More Info


Transfiguring Adoption awarded this movie 1 Hoot out of 5 based on how useful it will be for a foster/adoptive family. [Learn more about our Hoot grading system here]

Movie Info:

  • Rating: R (Drug Use, Brief Graphic Nudity, Language Throughout, Some Sexual References, Strong Violence and Gore)
  • Genre: Action, Adventure, Comedy
  • Runtime: 132 minutes
  • Studio: Warner Bros., DC Entertainment

From the Cover of The Suicide Squad (2021) by Warner Bros./DC Entertainment:

Welcome to hell—a.k.a. Belle Reve, the prison with the highest mortality rate in the US of A. Where the worst Super-Villains are kept and where they will do anything to get out—even join the super-secret, super-shady Task Force X. Today’s do-or-die assignment? Assemble a collection of cons, including Bloodsport, Peacemaker, Captain Boomerang, Ratcatcher 2, Savant, King Shark, Blackguard, Javelin and everyone’s favorite psycho, Harley Quinn. Then arm them heavily and drop them (literally) on the remote, enemy-infused island of Corto Maltese. Trekking through a jungle teeming with militant adversaries and guerrilla forces at every turn, the Squad is on a search-and-destroy mission with only Colonel Rick Flag on the ground to make them behave… and Amanda Waller’s government techies in their ears, tracking their every movement. And as always, one wrong move and they’re dead (whether at the hands of their opponents, a teammate, or Waller herself). If anyone’s laying down bets, the smart money is against them—all of them.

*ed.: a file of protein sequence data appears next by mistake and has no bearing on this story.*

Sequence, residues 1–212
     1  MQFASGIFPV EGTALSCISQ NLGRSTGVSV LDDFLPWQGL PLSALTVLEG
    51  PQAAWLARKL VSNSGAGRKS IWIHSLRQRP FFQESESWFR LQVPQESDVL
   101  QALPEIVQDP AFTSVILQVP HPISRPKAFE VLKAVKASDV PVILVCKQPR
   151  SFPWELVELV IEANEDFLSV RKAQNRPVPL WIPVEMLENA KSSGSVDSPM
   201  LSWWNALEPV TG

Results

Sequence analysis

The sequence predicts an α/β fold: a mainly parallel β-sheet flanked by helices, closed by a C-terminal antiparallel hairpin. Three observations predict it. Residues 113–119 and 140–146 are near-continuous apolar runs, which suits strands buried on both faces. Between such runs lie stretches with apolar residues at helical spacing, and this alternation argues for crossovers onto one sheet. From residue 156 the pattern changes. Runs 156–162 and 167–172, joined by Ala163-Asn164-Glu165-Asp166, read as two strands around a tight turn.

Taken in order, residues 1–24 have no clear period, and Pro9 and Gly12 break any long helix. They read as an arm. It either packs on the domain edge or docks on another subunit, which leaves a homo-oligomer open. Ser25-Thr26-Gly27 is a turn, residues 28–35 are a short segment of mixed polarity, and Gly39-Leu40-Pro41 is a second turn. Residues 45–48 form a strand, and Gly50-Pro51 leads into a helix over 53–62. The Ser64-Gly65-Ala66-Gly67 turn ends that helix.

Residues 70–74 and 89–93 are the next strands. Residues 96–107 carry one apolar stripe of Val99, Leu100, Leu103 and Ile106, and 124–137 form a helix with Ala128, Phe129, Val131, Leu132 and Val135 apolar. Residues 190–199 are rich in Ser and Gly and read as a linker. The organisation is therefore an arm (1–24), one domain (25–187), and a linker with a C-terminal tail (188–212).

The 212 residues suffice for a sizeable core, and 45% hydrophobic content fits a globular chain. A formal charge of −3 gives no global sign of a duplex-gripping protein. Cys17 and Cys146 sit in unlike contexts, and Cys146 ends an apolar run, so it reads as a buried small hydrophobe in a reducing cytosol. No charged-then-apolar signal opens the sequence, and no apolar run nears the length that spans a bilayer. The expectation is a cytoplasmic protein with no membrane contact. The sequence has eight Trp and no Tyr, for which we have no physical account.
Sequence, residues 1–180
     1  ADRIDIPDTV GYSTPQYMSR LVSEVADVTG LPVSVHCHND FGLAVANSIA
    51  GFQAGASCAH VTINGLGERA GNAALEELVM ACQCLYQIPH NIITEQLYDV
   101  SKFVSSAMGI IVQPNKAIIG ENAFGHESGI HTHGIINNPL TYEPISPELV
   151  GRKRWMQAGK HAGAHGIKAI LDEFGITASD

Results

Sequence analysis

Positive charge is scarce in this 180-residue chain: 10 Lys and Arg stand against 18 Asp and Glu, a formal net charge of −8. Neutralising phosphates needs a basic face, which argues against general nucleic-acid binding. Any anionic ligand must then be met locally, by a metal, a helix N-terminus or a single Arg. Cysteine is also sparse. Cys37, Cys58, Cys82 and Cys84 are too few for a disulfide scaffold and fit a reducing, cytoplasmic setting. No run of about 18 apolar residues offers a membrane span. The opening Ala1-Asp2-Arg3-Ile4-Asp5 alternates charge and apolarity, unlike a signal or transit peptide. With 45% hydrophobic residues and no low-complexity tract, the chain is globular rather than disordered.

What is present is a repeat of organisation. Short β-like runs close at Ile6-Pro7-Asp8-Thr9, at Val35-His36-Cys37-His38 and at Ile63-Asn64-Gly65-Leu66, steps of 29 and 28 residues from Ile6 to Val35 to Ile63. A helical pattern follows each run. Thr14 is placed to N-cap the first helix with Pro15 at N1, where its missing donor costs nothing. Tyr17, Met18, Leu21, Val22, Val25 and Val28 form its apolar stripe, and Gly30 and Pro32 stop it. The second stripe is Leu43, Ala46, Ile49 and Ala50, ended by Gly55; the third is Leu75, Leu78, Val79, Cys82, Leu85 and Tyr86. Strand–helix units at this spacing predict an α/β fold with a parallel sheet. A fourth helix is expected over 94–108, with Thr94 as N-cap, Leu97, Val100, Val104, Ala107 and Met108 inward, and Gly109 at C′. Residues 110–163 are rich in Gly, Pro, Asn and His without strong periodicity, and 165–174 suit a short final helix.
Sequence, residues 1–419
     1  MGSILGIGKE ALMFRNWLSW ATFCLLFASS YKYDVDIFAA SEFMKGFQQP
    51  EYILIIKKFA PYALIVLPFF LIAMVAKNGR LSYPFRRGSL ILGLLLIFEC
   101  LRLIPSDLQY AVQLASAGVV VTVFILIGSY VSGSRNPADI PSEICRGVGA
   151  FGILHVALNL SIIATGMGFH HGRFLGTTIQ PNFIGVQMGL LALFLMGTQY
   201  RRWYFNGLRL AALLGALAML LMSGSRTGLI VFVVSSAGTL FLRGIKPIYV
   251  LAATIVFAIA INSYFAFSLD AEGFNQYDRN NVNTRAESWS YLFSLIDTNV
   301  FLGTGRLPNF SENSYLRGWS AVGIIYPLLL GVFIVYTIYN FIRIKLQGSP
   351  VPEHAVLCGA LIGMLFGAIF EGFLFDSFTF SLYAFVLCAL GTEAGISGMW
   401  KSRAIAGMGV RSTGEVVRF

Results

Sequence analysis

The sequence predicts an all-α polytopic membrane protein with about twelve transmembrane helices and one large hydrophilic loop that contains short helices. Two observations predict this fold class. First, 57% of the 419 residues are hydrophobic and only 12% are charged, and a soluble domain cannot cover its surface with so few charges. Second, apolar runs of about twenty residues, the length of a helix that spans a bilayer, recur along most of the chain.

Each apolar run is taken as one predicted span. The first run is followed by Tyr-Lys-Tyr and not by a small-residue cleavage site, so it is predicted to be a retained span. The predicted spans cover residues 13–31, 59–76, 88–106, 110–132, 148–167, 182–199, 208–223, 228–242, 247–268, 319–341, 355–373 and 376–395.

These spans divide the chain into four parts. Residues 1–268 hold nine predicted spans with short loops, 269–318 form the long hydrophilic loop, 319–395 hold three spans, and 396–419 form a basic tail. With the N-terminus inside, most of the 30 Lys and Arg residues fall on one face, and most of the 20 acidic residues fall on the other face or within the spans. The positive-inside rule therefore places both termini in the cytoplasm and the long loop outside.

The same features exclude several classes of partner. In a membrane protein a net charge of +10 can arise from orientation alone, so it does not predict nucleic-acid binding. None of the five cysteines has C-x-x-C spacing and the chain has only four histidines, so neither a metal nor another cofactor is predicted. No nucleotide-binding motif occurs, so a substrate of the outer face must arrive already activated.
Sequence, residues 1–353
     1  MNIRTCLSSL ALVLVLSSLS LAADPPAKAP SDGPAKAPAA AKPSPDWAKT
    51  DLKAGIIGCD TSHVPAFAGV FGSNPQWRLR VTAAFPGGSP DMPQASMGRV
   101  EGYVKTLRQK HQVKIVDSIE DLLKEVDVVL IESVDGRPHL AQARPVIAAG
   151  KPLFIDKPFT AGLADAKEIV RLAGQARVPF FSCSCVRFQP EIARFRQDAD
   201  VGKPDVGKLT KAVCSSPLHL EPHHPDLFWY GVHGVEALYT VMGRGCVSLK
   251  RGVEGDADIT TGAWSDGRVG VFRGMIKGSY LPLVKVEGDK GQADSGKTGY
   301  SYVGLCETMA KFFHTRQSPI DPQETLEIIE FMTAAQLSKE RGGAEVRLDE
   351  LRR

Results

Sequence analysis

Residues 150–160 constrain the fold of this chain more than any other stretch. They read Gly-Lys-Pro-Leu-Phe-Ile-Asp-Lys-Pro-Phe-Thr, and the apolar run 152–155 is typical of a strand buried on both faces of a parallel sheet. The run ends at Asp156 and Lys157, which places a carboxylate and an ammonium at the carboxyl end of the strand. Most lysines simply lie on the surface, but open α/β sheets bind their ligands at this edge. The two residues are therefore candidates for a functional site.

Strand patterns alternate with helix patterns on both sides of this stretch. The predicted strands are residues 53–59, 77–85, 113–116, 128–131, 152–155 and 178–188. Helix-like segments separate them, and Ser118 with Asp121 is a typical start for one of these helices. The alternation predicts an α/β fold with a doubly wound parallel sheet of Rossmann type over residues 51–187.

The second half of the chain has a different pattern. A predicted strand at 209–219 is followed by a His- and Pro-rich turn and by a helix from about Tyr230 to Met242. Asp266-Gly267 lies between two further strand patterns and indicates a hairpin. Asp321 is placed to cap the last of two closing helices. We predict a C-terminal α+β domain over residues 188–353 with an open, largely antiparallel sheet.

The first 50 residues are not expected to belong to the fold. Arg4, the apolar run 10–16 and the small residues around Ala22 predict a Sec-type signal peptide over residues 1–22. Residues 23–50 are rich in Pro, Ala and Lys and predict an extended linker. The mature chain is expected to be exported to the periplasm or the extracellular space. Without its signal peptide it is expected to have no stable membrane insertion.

Transfiguring Adoption’s Overview: